Caveat Emptor No.2

Asking the Right Questions

The secret of success in the 21st century is not going to be honesty, integrity, hard work or a good education, any of those old, bygone chestnuts that are trotted out by people who are stuck in a 20th century groove. No, the trick in the 21st Century is to have the imagination and patience to ask all the right questions.

Specialization is now so intensive that we can scarcely communicate through the good old English tongue any more. Yes, it is an umbrella language, a tenuous link between people between, um like, those whose maximum vocabulary is three thousand awesome words, a vehicle for the more thorough misunderstanding between men and men, men and women. So few people born in Britain can speak the language without inserting the f**k word three times a sentence that it is said that Urdu is set to become the preferred tongue of the college-educated population north of Birmingham.

Real communication goes on between specialists in the same specialism- - the computer geeks, for instance, with their ever-burgeoning vocabulary that is incomprehensible to ordinary people. The following is taken at random from my own blog support discussion group (apologies to mariogarcia, whoever you are, who posted this).

The error is about the utf-8 new functions for the DB. I know because I have modified (to include UTF-8 better support using this diff ) wordpress 2.1 and svn version of wordpress 2.2 and i have tried last svn version of wordpress 2.3 and i have always the same error. Sidebar Widgets should create a major compatible tables with UTF-8....

Excuse me?

Then, of course, there is the military, which spends more time making up acronyms than planning wars. The building trade has its own argot, the medical profession its techno-speak, financiers their jargon, lawyers their cant, and officials their officialese. Sports journalists stopped speaking the native tongue in 1933, and actors on popular reality TV shows avoid uttering words of more than one syllable. (How do the producers explain the "syllable" to them, one wonders?)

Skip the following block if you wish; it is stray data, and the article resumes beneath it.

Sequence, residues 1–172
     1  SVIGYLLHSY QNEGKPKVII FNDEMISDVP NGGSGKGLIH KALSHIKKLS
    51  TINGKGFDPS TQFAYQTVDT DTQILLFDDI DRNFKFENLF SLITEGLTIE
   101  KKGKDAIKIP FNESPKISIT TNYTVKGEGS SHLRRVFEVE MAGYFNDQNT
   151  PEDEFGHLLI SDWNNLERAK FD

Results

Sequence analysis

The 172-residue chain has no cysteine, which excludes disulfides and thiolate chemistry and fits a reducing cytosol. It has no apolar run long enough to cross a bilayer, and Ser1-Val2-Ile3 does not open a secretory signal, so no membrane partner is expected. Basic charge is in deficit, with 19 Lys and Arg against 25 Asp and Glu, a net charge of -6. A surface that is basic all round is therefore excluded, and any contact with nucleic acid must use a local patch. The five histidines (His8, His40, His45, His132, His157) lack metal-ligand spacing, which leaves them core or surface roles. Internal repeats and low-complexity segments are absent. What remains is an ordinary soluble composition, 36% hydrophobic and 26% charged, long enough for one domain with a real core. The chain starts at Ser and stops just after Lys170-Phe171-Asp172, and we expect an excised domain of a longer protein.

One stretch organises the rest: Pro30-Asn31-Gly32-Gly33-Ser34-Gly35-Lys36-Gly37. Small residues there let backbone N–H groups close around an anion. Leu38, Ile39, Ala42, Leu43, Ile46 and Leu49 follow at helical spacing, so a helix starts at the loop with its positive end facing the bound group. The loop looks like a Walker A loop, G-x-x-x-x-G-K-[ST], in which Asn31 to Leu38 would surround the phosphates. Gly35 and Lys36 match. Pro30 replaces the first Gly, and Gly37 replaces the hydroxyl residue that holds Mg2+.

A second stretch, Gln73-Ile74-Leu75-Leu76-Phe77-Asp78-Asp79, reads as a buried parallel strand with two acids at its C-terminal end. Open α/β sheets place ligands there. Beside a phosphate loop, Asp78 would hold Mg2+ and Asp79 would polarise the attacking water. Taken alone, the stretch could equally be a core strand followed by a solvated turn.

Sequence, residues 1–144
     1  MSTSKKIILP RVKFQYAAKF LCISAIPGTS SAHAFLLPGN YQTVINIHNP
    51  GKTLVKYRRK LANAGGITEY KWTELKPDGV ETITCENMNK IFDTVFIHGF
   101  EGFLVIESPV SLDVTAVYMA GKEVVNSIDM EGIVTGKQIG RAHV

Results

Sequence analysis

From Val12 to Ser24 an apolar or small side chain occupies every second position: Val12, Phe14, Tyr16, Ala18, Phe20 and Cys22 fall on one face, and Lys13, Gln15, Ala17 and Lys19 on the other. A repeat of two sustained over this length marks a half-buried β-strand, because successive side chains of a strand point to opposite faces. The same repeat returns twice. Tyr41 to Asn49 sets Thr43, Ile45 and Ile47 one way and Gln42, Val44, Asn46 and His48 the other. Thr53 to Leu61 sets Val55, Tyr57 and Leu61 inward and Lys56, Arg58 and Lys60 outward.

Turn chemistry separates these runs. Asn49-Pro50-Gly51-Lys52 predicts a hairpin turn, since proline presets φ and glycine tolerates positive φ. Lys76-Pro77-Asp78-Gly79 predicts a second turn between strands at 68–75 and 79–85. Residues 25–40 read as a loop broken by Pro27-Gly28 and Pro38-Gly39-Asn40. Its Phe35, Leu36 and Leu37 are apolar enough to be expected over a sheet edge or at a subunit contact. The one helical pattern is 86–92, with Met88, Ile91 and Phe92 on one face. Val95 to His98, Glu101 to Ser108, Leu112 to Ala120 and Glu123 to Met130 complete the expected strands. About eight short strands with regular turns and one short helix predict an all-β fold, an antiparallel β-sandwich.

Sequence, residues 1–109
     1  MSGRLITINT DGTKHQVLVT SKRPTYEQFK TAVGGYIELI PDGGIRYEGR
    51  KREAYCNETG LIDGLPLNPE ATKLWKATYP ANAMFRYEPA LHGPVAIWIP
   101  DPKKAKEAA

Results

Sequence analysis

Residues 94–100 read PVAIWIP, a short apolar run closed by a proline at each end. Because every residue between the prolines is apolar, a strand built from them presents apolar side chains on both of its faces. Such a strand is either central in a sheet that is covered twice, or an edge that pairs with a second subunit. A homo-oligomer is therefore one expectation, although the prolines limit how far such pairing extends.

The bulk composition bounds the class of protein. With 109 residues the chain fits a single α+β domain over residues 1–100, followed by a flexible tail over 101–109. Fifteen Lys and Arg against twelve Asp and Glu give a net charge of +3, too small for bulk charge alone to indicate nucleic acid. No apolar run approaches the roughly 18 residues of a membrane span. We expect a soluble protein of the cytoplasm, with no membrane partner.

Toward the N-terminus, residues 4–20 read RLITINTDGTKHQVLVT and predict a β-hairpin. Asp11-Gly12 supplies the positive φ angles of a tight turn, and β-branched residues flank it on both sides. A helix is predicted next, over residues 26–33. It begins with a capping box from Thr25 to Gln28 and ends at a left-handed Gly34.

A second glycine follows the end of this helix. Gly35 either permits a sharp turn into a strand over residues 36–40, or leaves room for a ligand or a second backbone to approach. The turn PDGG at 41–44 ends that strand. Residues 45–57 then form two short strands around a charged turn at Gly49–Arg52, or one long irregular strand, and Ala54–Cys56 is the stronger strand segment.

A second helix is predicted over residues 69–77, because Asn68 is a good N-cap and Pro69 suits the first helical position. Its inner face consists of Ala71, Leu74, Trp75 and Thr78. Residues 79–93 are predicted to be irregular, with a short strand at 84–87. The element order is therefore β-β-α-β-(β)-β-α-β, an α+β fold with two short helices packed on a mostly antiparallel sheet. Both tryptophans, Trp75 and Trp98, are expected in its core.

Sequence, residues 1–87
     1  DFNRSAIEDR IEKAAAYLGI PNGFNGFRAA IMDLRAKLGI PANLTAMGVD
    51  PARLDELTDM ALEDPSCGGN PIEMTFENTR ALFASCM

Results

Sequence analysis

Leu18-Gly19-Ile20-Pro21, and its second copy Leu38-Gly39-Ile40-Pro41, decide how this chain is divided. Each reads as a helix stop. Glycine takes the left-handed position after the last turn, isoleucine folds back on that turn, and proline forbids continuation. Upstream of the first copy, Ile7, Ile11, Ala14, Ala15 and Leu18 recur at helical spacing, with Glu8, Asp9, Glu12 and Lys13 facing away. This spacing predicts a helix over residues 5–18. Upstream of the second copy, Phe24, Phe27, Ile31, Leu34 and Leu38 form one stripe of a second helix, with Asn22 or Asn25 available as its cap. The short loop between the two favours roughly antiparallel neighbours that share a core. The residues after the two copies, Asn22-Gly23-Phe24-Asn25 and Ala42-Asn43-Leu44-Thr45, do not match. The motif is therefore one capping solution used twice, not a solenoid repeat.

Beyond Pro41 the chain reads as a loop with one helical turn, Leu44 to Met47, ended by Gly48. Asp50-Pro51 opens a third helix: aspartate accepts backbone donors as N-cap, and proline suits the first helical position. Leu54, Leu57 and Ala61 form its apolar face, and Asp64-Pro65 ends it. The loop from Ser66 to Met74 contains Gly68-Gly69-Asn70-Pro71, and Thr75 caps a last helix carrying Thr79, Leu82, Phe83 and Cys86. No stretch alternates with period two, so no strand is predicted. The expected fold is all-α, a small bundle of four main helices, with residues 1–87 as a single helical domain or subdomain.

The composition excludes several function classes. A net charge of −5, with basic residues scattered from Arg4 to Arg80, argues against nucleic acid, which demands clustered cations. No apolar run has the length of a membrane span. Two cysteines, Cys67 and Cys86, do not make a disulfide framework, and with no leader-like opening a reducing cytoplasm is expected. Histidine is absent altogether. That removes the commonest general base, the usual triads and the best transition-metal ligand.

The problem with communication between specialists and the public centres around the word "empathy". There is a chronic lack of ability to share the feelings of others, to put yourself in the shoes of the person to whom you are speaking. "I'm making it quite clear, "you can almost hear him saying," What’s with this guy?" He cannot understand that the rest of us live in a different world, where his jargon sounds like Mongolian.

So what questions should be asked? The answers is, all of them.

Here is a typical selection of questions that every shopper should ask when buying ham in a supermarket. First, try to find someone whose native language is English. (Come to think of it, you might get better informed answers from someone from the Ukraine):

- What is the difference between ham and gammon?

- What is the difference between honey-cured and beetroot-and-cannabis flavoured ham?

- You advertise ham produced from pork legs. What happens to the rest of the pig?

- Can you supply ham produced from the wiggly tail?

- Is there a difference between ham reared in Leicestershire and ham produced in Wiltshire? Or is it just a matter of the accent of the porkers?

- What do the words "outdoor bred" mean?

- How much room do the piggies have to move around?

- Can they go into a sty at night? (Do they enjoy the sky at night?)

- Do they enjoy ordinary family values, or are they artificially ... .you know.

- Why is ham breaded and do they use brown, whole-grain bread without additives?

- Why do they put sugar in the ham?

- How much sugar?

- Is it real or artificial sweetener?

- Is it Cuban cane sugar? If it is, as a Cuban American I can't eat it.

- Why do producers put water in their ham? (we know the answer but just want to hear what you say)

- Do you know whether it is filtered water or whether it comes straight out of the River Trent just below the coal-fired generating station?

- How do English and Danish bacon differ? Again, is it just the accents of the pigs?

- Is the difference between Danish ham and Italian prosciutto anything to do with love?

- What is the salt content in English bacon, and is it natural rock salt?

- Which preservatives are used?

- Are the preservatives carcinogenic, or just bad for you?

- What are the effects on human beings of sodium nitrate?

- The ham you have is too finely sliced. Can I get it cut thicker?

- The ham you have is too thickly sliced. Can I get it paper-thin?

- I want to make a giant sandwich for Presidents Day. Can I get bigger slices?

And this is just the start!

Thirty other products later, and the shopper will have had a full course in food production and know precisely what to avoid in future. That is, if she can find anyone who knows anything about the food they are selling.

It isn't necessarily the case that advertisements, packaging or product information are deliberately misleading. The designers just cannot imagine how there could possibly be a problem. "I know how to do it. If I can do it, anyone can." Not true. Whole steps are omitted in assembly instructions, a computer gismo has no instructions at all. Well, caveat emptor, as the Romans used to say, but then they sowed seed by hand and drove bullock carts.